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Say I have a simple generic class as follows

public class MyGenericClass<t>
{
   public T {get;set;}
}

How can I test if an instance of a class is this a MyGenericClass? For example I want to do something like this:

MyGenericClass x = new MyGenericClass<string>();
bool a = x is MyGenericClass;
bool b = x.GetType() == typeof(MyGenericClass);

Yet I can't just reference MyGenericClass. Visual studio always wants me to write MyGenericClass<something>.

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3 Answers 3

To test if your instance is a type of MyGenericClass<T>, you can write something like this.

MyGenericClass<string> myClass = new MyGenericClass<string>();
bool b = myClass.GetType().GetGenericTypeDefinition() == typeof(MyGenericClass<>);

If you want to be able to declare your object as MyGenericClass instead of MyGenericClass<string>, it would need a non-generic base of MyGenericClass to be part of the inheritance tree. But at that point, you would only be able to refer to properties/methods on the base unless you later cast to the derived generic type. You cannot omit the type parameter when directly declaring a generic instance.*

*You can, of course, opt to use type inference and write

var myClass = new MyGenericClass<string>();

Edit: Adam Robinson makes a good point in the comments, say you have class Foo : MyGenericClass<string>. The testing code above would not identify an instance of Foo as a MyGenericClass<>, but you can still write code to test it.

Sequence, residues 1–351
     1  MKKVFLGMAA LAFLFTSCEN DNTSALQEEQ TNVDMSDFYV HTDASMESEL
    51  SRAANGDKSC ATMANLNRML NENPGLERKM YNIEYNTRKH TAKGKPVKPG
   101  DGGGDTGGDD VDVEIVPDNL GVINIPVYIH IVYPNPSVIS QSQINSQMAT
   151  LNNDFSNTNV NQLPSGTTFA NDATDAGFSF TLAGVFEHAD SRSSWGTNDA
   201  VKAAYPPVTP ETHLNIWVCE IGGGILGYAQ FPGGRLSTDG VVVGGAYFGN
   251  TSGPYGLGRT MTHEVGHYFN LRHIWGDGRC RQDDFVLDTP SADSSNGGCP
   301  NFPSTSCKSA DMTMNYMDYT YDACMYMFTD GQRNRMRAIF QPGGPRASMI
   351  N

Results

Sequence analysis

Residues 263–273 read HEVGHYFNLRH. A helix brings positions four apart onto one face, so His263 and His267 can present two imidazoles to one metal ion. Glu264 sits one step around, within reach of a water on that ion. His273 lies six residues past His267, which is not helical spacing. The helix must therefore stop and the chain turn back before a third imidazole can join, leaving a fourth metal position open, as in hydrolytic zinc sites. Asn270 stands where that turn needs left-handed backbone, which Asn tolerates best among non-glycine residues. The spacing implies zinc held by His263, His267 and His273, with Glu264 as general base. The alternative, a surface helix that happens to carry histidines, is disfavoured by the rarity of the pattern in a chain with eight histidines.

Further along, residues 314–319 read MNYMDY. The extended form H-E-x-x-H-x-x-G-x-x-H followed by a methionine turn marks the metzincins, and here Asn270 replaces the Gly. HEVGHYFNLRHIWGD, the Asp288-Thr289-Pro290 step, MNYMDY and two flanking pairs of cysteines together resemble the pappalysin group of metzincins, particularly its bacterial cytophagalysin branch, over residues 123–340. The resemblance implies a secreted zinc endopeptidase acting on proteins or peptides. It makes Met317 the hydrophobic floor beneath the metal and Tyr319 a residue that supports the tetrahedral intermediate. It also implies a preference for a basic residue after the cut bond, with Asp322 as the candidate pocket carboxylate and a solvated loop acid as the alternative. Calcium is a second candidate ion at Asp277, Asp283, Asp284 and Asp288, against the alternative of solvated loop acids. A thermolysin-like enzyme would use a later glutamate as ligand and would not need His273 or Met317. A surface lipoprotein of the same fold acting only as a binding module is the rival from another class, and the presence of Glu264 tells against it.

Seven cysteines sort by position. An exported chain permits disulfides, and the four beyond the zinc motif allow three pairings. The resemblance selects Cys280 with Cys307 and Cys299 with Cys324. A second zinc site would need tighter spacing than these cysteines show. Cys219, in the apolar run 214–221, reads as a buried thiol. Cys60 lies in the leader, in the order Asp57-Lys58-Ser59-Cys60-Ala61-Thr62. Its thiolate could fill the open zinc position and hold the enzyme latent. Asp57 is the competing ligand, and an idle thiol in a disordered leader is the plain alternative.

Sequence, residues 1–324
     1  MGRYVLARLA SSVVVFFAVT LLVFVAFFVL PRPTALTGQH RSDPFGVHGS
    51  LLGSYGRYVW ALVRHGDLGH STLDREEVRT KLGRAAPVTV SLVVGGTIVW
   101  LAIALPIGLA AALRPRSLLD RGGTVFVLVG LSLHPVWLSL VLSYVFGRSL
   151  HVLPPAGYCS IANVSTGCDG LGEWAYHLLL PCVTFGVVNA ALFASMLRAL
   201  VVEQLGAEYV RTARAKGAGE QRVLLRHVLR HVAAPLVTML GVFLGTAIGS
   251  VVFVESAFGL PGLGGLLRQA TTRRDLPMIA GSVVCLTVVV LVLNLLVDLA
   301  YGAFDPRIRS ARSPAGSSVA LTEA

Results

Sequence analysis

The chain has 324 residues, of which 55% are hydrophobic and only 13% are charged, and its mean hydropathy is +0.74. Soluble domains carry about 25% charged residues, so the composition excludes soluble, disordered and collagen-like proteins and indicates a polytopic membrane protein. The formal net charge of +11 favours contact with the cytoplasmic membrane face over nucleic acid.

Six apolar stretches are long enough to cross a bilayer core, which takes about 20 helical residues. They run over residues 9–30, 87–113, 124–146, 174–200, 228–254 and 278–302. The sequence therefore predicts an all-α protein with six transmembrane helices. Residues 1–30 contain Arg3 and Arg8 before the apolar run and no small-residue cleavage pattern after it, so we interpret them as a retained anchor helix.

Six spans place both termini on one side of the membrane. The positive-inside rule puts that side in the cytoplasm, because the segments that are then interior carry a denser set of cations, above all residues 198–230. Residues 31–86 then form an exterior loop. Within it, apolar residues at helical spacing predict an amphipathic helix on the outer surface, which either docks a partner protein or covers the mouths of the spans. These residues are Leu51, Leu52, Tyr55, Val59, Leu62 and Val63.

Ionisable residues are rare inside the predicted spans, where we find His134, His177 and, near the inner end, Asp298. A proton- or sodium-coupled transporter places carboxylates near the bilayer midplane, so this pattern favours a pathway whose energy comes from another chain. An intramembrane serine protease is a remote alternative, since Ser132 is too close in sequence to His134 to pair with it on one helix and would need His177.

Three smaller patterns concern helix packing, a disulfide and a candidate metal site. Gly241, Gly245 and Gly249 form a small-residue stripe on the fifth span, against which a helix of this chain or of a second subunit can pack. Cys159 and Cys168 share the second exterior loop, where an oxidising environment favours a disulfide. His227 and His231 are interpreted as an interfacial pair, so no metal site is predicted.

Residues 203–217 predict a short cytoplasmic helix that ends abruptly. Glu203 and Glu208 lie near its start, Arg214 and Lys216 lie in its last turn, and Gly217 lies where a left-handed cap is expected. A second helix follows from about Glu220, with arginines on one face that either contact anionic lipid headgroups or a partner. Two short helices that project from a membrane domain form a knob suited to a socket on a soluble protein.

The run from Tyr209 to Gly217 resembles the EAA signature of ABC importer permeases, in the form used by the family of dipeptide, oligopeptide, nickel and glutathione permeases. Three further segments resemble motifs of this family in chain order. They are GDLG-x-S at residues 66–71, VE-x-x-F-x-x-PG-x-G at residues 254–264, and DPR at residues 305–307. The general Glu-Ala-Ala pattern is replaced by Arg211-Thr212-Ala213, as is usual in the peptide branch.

Func<object, bool> isMyGenericClassInstance = obj =>
    {
        if (obj == null)
            return false; // otherwise will get NullReferenceException

        Type t = obj.GetType().BaseType;
        if (t != null)
        {
            if (t.IsGenericType)
                return t.GetGenericTypeDefinition() == typeof(MyGenericClass<>);
        }

        return false;
    };

bool willBeTrue = isMyGenericClassInstance(new Foo());
bool willBeFalse = isMyGenericClassInstance("foo");
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Note this is won't work if the class is derived from a generic form of the class. In other words, public class Foo : MyGenericClass<string> { } wouldn't qualify. –  Adam Robinson Nov 5 '10 at 4:27
    
@Adam, good point. You can write code to go a bit further to test. I'll add an idea on how to do that. –  Anthony Pegram Nov 5 '10 at 4:45
List<int> testInt = new List<int>();
List<string> testString = new List<string>();

if (testInt .GetType().Equals(testString.GetType()))
 Console.WriteLine("Y");
else Console.WriteLine("N");

its 'N'

and

testInt.GetType().Equals(typeof(List<int>))
is true

but if u want just class name

testInt.GetType().FullName
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You could, if desired, make the generic class implement some arbitrary (possibly empty) interface. Testing whether some object was of the general generic class would then simply be a matter of testing whether it implemented that interface. No need to explicitly use reflection.

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